Nor should we relegate these kinds of relationships of religion to the activism of past movements. If anything, the ways in which religion can impact social movements have become more important over time, rather than less. This is because of massive changes that have occurred in the civic life of the United States over the last several decades. Until the 1960s, many Americans had numerous and deep connections to a variety of civic organizations, including fraternal groups such as the Masons, recreational groups such as the YMCA, veterans groups like the VFW, and union groups like the Knights of Labor. Many of these organizations were cross-class and national in scope. They represented an enormous infrastructure of civic institutions that offered similar things to social movements that religious institutions do: sets of beliefs and ways of looking at the world; collective identities; and venues for cultivating leadership skills, addressing audiences, and collecting material resources that can be repurposed for social movement activism.
But as documented in work such as Bob Putnam’s Bowling Alone and Theda Skocpol’s Diminished Democracy, membership in such civic groups collapsed beginning in the 1970s. Individuals simply do not belong to the same number or type of civic groups as they did in the past. As such groups have declined precipitously, the number of religious congregations have actually increased to more than at any other time in U.S. history, over 300,000. Religious congregations thus represent some of the only civic infrastructure that remains in the U.S. today. We should therefore expect that the impact of religion on social movements will grow, not decline, in contemporary social movement mobilization.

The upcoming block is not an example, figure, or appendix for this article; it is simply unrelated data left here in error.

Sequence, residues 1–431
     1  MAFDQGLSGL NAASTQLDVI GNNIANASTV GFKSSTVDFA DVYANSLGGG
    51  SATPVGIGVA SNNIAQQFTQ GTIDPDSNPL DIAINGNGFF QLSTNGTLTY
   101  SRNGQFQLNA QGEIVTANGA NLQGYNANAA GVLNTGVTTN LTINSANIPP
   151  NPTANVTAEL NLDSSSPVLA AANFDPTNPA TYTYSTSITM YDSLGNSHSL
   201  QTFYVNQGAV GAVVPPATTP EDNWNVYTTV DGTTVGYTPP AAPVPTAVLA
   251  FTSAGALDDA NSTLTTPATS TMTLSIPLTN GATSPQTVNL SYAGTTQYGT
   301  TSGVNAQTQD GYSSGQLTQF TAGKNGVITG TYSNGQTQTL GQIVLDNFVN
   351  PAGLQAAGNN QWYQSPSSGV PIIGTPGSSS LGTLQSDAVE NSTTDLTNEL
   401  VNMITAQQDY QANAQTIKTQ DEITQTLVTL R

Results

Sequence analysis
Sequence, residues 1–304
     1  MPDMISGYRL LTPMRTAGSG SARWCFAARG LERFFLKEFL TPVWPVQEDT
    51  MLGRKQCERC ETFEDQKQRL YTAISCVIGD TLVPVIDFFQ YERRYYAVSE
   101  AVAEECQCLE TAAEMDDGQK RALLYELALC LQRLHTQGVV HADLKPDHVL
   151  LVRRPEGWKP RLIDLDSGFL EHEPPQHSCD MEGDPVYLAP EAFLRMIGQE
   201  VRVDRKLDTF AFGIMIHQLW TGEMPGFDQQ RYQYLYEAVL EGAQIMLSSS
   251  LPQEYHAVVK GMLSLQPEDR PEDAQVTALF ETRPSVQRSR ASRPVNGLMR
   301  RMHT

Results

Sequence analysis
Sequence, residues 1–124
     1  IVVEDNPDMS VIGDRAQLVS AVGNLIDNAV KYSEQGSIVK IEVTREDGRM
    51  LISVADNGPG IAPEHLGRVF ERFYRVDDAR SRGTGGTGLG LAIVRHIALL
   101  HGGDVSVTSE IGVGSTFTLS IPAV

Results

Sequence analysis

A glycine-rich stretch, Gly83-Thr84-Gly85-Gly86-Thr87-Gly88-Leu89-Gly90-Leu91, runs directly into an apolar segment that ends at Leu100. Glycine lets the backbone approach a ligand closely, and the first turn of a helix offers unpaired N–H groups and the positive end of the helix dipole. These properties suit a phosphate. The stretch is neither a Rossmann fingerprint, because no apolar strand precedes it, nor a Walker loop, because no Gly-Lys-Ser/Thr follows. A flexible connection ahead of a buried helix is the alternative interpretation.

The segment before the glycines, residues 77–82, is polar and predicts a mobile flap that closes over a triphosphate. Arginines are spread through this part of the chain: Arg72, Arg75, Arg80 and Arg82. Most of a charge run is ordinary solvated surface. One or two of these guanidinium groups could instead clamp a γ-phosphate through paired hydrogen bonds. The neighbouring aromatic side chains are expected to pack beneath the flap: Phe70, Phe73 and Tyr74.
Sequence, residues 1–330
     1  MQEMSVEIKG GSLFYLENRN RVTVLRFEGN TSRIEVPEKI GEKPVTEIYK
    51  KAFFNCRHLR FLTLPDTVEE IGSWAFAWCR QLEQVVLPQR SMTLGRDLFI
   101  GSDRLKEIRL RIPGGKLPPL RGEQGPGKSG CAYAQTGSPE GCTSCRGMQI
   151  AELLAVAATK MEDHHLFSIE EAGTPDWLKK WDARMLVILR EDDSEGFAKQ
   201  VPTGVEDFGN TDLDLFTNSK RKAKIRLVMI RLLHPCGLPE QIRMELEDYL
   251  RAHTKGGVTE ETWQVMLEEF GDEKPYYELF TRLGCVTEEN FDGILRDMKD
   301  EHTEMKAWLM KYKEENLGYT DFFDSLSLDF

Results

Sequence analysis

An important but unappreciated further twist to this picture comes from my own research on the pro-life movement. We are accustomed to thinking of religion as a largely (if not entirely) fixed attribute of individuals, and then looking for ways in which religion might affect social movement activity. But in fact, cause and effect in this relationship can be reversed as well; social movement activity can in turn impact back on religious beliefs, behavior, and institutions.
In The Making of Pro-Life Activists, I document how activism in the movement has frequently led people to new religious faith, or spurred a revitalization of religious habits they had left behind years ago. Perhaps more intriguingly, I also found evidence that religious institutions themselves were susceptible to pressure from the pro-life movement, aligning religious teaching and religious activity more closely with the goals and strategies of social movement organizations. This, I suspect, helps explain Mourdock’s comments last week: the pro-life movement has been effective in inflecting activist religious beliefs in order to bolster and justify their beliefs about abortion. Such impacts are a good reminder of the many complicated ways in which religion and social movement activity continue to be closely intertwined.